If you are looking to adopt a cat, the Lewis and Clark Humane Society is probably the place to go—they have plenty of cats and kittens looking for homes. In fact, they’ve seen an increase in cats and kittens coming through their doors this year.
Caring for all of those cats and kittens is not always easy.
“We are swimming in kittens,” LCHS cat program coordinator Kate Axline-Pittman said.
How many cats? Right now, there are about 150 cats and kittens in LCHS care, and a total of 500 have come in since January 2021.
This year is proving different from years past when it comes to cats and kittens.
“There hasn’t been such a big influx in such a short amount of time,” Axline-Pittman said. “There was one day last week we got in 20 cats in 1 day.”
Axline Pittman said she thinks more cats are coming in because people are out and about more this year and finding them.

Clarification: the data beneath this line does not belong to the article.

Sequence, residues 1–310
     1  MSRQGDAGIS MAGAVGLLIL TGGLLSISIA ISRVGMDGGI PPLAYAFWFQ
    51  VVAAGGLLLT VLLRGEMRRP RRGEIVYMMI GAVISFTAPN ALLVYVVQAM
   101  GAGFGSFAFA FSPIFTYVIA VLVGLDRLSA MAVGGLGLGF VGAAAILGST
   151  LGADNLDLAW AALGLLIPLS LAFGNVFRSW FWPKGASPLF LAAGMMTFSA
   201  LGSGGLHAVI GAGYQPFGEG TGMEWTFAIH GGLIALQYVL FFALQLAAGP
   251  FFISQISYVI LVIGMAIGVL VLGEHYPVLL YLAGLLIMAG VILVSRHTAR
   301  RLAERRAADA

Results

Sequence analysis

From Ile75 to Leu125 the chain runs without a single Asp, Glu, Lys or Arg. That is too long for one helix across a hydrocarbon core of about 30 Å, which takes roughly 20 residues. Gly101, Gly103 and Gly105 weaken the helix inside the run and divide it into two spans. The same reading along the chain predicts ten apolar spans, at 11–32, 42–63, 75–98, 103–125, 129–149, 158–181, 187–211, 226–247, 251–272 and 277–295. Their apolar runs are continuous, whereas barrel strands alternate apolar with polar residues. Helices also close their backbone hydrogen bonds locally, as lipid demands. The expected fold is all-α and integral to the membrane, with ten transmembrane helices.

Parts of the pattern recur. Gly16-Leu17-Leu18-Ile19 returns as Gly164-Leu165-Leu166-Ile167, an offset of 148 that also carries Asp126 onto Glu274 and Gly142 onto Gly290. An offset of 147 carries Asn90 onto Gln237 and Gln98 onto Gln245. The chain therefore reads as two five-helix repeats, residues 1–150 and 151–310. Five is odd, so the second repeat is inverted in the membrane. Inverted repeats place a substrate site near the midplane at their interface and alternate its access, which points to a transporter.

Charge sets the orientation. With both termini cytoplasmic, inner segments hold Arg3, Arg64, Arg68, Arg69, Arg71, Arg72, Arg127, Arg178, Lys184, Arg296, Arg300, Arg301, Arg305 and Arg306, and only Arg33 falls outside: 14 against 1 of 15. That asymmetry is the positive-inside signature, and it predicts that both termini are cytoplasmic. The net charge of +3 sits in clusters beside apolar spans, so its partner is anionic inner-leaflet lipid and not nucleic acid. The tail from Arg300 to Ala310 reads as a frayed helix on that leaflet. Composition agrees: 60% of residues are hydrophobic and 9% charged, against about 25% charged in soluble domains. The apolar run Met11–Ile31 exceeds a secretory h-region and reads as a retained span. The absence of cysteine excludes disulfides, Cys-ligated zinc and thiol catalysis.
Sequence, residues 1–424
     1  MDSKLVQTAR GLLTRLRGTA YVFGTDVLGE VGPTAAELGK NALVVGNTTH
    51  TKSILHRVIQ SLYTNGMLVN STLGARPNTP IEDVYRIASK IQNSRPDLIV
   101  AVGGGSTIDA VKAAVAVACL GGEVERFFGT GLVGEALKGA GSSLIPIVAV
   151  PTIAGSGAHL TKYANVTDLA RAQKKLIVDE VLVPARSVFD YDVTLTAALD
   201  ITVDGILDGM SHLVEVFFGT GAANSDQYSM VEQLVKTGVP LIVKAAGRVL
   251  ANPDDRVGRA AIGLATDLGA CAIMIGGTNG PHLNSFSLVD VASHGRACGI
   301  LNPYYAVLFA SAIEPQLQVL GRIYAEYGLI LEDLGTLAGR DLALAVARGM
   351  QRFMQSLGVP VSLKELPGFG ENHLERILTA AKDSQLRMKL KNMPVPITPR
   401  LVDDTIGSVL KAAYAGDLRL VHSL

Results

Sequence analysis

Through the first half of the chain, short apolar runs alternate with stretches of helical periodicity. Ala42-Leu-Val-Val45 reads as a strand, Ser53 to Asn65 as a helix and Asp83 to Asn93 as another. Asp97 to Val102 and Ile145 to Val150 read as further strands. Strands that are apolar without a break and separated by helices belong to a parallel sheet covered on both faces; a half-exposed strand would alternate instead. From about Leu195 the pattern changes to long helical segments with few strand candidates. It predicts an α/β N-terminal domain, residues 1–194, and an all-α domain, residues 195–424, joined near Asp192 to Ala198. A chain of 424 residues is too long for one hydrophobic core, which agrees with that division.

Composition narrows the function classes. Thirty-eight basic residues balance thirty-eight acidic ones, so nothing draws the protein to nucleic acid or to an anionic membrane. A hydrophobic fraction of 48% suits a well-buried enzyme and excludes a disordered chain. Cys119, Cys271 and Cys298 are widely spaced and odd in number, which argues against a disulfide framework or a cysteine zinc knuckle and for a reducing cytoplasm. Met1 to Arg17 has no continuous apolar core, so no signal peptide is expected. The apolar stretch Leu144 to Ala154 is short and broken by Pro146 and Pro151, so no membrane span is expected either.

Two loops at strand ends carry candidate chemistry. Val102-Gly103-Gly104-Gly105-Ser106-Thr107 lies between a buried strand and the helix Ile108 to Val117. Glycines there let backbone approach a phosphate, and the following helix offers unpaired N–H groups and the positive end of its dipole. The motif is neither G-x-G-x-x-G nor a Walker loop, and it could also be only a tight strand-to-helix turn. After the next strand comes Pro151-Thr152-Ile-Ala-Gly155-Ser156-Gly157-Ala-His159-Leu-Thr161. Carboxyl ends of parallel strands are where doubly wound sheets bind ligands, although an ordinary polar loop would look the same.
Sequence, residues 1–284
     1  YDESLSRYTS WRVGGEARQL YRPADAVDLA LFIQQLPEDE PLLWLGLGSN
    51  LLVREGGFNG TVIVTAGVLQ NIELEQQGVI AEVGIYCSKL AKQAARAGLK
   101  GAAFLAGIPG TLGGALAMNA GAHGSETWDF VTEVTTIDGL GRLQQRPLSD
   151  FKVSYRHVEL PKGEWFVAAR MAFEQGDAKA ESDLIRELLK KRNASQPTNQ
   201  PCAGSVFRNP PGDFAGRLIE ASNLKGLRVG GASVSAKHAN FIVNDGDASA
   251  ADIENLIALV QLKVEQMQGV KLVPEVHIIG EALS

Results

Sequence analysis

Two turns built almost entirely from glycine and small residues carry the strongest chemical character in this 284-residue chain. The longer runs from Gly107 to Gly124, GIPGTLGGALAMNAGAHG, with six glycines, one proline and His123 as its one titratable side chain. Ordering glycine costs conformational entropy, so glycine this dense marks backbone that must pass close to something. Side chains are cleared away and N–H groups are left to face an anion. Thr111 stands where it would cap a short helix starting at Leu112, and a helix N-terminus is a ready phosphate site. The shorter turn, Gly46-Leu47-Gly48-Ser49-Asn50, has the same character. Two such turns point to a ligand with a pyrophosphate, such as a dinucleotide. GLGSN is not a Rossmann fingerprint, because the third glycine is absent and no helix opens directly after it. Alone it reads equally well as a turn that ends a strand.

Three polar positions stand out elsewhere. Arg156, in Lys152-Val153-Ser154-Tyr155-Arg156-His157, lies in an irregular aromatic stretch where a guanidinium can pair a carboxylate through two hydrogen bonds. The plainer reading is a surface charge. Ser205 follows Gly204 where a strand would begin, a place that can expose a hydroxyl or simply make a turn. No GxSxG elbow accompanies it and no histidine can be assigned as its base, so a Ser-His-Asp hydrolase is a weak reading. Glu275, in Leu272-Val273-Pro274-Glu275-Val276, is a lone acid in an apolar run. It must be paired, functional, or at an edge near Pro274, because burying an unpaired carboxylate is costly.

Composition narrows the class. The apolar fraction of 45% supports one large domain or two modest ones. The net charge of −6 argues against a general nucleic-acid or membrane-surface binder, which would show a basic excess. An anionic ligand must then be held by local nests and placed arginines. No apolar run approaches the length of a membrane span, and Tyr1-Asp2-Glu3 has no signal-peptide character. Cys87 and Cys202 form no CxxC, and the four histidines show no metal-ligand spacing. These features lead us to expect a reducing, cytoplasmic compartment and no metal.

“A lot of these cats are strays that are coming in,” she said.
But, there is a problem—the Lewis and Clark Humane Society can only house about 40 cats, and right now, they’re full.
Foster families help fill the gap, housing cats LCHS cannot.
“Foster homes have been a lifeline for us, and a savior,” Axline-Pittman said.
Fostering means taking in a cat or a kitten—or a few of them—until they find their forever home.
People interested in fostering are given a list, and they can choose which cat or kitten they want to house. They can also choose how long they can give the cat a home—until it finds an adopter, or a shorter amount of time if they need.
“I call it babysitting for cats,” Axline-Pittman said. “You just take care of them.”
LCHS provides medical care, food and supplies, and foster families provide love, and maybe a little publicity for their feline foster.
“Share them on social media so they can find homes,” Axline-Pittman said.
Sometimes foster homes even turn into forever homes.
For information on fostering or adopting a cat, call the Lewis and Clark Humane Society at 406-442-1660, or email Axline-Pittman at firstname.lastname@example.org.